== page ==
Dianne Feinstein Elementary School will be renamed, along with about a third of San Francisco’s other public schools, according to a report in Jweekly.com.
The move comes after the San Francisco Board of Education voted overwhelmingly to change the names of 44 schools whose namesakes were associated with racism and white supremacy. Their issue with Feinstein, who is Jewish, relates to a 1984 incident from when she was mayor of the city, nearly a decade before she was elected as a senator representing California.
At the time, Feinstein had defended the display of a Confederate flag at City Hall, and even replaced the flag after it was torn down by protestors, Jweekly reported.
Another Jewish politician who will lose a school named in their honor is Gold Rush-era San Francisco mayor Adolph Sutro. In 1897, Sutro denied a Black man entry to a bathhouse which he owned. The man sued Sutro over the event and won.
Unlike the elementary schools named after Feinstein and Sutro, Harvey Milk Civil Rights Academy – named for another Jewish politician from San Francisco, will not change.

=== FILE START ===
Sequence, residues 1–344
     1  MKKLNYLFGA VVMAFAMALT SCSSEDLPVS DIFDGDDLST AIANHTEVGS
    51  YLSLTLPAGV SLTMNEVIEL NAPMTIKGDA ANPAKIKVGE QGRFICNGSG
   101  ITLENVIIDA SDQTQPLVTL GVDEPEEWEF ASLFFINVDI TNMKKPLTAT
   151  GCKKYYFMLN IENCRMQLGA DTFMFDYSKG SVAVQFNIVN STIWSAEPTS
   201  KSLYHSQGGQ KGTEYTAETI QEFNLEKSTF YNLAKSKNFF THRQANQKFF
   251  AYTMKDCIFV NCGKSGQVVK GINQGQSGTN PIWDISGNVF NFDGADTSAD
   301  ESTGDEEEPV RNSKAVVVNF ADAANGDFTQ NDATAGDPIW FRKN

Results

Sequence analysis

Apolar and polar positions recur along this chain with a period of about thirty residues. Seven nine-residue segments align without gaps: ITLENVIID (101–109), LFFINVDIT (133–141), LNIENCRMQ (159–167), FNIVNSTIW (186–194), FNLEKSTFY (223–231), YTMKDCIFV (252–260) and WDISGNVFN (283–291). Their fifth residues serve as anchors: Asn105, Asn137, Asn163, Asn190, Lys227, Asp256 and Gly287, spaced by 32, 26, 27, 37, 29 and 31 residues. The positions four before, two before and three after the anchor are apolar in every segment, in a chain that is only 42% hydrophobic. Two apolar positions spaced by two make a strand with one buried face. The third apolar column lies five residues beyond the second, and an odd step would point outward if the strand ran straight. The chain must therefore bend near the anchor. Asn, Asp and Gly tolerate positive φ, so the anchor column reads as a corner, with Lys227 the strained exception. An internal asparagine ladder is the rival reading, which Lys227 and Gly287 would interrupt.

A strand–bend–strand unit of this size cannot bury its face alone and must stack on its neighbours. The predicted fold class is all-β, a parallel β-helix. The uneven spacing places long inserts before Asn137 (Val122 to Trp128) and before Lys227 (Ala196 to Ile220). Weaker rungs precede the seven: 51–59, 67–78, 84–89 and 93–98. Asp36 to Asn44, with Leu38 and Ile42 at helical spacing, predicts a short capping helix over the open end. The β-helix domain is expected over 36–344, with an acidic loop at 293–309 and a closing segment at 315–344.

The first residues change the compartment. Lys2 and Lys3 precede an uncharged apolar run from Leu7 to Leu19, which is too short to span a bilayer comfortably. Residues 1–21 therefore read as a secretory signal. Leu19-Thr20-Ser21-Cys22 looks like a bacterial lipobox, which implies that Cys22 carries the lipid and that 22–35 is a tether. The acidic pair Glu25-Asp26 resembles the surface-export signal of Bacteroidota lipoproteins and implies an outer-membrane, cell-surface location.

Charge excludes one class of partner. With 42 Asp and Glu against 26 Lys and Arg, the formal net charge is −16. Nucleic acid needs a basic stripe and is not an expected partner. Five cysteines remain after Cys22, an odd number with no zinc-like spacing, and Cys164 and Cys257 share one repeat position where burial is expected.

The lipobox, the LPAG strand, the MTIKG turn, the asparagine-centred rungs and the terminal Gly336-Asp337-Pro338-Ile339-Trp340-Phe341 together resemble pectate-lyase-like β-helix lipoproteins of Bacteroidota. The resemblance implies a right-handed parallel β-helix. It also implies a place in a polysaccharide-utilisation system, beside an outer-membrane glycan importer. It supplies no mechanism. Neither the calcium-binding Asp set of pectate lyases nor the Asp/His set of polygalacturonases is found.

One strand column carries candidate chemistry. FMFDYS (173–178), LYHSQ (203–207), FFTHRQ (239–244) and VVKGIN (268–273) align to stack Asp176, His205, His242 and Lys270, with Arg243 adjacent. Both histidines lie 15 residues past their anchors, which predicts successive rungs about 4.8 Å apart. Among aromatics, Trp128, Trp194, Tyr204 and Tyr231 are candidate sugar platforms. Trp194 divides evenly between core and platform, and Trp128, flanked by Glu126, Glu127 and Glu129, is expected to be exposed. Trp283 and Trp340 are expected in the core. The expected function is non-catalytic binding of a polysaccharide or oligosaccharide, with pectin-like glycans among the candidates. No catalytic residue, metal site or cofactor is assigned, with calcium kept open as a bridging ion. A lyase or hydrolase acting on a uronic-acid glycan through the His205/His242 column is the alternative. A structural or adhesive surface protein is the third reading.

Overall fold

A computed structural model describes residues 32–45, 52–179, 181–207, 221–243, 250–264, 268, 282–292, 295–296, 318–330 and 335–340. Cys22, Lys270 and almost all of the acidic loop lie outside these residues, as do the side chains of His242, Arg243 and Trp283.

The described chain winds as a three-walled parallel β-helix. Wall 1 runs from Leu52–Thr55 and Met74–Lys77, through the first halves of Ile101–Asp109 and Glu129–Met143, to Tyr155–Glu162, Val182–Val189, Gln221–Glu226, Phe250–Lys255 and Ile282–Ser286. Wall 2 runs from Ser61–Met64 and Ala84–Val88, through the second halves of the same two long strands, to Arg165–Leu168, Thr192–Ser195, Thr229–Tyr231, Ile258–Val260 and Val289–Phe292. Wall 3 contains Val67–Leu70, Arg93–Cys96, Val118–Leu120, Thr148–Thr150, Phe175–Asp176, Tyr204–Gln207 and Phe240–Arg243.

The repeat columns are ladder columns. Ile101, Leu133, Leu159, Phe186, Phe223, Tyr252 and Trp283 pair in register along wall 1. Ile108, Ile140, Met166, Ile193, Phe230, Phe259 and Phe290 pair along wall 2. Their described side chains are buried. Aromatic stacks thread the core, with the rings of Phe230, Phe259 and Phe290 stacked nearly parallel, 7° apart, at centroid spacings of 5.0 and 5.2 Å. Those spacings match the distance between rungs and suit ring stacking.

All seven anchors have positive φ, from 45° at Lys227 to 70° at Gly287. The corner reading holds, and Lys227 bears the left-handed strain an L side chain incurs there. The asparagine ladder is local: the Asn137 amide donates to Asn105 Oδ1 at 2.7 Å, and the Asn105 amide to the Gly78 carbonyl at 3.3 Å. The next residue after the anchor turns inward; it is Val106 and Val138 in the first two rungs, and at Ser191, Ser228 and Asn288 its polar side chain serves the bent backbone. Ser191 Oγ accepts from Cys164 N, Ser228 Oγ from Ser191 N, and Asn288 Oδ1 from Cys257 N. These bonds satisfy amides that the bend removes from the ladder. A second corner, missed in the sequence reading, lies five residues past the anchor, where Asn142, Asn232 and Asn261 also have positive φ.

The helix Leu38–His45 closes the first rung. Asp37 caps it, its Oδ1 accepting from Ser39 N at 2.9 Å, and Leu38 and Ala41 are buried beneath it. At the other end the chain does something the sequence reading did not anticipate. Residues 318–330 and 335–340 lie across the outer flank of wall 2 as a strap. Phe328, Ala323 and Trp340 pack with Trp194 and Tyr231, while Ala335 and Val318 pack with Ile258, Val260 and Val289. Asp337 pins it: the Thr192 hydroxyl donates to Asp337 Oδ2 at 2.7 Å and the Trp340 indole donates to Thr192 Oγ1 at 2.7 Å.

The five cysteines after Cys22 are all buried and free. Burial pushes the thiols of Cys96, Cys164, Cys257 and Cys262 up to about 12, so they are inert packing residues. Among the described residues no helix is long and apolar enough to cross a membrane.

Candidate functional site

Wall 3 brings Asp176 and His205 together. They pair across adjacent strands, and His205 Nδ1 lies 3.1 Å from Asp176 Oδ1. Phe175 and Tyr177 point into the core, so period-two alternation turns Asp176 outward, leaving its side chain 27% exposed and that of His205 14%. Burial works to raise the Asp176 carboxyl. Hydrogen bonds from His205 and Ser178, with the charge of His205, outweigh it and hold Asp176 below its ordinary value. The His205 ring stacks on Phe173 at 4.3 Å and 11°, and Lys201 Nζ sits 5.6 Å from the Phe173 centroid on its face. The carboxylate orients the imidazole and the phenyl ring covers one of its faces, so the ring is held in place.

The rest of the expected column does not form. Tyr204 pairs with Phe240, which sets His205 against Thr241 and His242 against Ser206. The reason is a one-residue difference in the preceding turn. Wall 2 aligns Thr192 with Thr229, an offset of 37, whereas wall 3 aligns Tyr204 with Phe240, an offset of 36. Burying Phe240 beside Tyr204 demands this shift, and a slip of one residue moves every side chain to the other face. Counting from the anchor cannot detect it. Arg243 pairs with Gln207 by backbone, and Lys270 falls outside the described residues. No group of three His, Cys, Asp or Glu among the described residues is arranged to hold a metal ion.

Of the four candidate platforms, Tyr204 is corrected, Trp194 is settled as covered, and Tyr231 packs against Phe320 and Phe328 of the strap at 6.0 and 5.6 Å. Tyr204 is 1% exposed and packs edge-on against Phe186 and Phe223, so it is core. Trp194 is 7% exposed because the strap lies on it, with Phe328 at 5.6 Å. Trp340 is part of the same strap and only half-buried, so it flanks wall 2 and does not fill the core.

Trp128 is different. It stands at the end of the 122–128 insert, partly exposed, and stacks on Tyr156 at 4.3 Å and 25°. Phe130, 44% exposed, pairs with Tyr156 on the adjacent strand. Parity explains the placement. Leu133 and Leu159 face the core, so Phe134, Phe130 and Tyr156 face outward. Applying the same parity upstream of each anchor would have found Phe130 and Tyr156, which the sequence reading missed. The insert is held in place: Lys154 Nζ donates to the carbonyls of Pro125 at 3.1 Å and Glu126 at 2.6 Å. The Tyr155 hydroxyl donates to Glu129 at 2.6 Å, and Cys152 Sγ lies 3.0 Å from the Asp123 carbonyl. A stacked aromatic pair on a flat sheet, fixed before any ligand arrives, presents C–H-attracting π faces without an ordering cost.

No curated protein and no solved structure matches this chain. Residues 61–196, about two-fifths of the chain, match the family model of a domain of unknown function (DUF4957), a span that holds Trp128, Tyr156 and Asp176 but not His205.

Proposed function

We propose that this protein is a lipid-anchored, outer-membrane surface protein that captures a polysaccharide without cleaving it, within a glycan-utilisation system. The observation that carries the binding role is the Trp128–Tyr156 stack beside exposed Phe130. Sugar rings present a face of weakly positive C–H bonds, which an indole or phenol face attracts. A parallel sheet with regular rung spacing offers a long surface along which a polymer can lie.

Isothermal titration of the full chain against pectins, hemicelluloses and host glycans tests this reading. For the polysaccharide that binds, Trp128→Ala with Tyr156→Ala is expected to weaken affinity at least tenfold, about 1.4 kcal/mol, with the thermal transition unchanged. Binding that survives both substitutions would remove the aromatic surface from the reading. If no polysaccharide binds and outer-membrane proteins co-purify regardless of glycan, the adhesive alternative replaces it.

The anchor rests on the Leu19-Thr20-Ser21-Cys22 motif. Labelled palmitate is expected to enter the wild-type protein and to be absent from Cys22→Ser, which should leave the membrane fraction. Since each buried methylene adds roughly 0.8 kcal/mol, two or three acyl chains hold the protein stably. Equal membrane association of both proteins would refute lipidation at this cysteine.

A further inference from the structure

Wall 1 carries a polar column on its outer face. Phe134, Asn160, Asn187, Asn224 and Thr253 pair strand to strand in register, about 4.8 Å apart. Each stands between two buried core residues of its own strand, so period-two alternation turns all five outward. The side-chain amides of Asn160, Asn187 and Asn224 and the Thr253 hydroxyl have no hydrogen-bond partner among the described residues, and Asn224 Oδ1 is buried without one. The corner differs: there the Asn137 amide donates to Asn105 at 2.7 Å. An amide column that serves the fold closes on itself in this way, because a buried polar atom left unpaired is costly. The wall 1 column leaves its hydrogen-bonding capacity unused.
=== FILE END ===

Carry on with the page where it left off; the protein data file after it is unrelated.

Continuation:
The decision over the Feinstein and Sutro elementary schools was criticized by many current politicians – including San Francisco Mayor London Breed and Scott Wiener, a member of the California State Senate. However, their issue was not with the decision to rename, but for focusing on renaming before reopening the schools.
I agree with Mayor @LondonBreed. Some schools clearly should be renamed. But this flawed process should have waited until schools reopen & we control the virus.
It’s not reasonable to expect engagement from school communities when so many are struggling with remote learning. https://t.co/agB9R3X5sW— Senator Scott Wiener (@Scott_Wiener) January 27, 2021
Among other figures who were deemed unfit for their names to be on the city’s schools were presidents Lincoln, Washington, Hoover, both Roosevelts, Garfield, Jefferson, McKinley and Monroe.